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Could Hitler have pleaded insanity? Can a soldier participating in a massacre claim duress because his superior forced him? In domestic criminal law complete defences, such as insanity and duress, are rather common legal figures. But what is the role of these arguments in international criminal law? Can horrific large-scale crimes, such as genocide and crimes against humanity, ever be excused?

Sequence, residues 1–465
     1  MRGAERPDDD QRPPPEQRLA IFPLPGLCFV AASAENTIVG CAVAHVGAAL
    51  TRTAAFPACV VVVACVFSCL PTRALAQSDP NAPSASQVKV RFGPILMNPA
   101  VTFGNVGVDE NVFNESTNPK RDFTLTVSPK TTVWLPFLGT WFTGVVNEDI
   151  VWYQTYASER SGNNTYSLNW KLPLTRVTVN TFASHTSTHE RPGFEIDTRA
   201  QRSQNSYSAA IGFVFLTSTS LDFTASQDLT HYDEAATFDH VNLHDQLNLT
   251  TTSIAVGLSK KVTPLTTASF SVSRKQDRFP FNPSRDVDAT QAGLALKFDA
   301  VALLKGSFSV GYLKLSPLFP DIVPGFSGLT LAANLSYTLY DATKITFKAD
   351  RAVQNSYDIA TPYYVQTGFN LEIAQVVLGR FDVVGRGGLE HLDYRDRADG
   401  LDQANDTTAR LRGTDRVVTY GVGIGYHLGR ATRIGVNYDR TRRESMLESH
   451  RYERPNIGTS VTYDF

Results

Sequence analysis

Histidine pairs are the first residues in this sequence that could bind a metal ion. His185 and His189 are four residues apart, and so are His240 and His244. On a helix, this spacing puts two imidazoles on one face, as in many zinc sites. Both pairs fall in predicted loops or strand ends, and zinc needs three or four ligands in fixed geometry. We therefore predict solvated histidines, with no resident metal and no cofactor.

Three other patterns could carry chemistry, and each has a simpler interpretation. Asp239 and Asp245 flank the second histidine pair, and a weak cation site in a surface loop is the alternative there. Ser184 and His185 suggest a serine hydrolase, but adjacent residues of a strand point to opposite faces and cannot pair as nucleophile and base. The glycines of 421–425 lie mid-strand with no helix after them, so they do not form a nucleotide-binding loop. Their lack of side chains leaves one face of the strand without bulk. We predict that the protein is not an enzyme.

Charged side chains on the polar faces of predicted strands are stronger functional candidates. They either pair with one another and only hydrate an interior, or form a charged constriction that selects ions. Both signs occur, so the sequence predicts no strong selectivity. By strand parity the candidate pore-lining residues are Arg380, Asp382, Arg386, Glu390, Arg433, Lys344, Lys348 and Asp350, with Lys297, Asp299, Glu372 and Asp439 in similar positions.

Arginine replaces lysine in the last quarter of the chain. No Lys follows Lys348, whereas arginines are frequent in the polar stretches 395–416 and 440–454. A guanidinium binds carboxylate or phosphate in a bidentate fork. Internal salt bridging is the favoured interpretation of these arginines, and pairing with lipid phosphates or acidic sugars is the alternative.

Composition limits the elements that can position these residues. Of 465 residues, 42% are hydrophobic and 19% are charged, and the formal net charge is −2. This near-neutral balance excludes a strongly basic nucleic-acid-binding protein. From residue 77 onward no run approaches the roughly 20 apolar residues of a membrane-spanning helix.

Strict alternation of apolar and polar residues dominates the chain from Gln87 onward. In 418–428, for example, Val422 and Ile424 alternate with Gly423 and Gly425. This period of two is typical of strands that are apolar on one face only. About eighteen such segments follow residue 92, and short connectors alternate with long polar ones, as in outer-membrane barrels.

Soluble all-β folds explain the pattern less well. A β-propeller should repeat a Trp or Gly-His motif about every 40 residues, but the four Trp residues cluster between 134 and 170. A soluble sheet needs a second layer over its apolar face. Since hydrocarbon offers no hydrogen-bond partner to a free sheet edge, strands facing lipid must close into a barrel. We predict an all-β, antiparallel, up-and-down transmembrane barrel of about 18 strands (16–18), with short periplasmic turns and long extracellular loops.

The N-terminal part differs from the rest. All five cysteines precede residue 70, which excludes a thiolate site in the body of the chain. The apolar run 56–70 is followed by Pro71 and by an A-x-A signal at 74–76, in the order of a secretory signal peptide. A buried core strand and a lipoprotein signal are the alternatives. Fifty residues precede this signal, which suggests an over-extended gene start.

This book provides an analysis of cases featuring complete defences at international criminal courts (IMT, IMTFE, ICTY, ICTR and ICC). Conclusion of the analysis is that international criminal courts recognize most complete defences in principle. However, they consistently reject them in practice. Courts thus tend to say: “Insanity is available as a complete defence…but not in this case”. This conclusion raises questions as to the compatibility between complete defences and international crimes: When they are never accepted in practice, should such defences be available at all? The final Part of the book answers this question in the affirmative and provides recommendations on the contents of complete defences in the field of international criminal justice.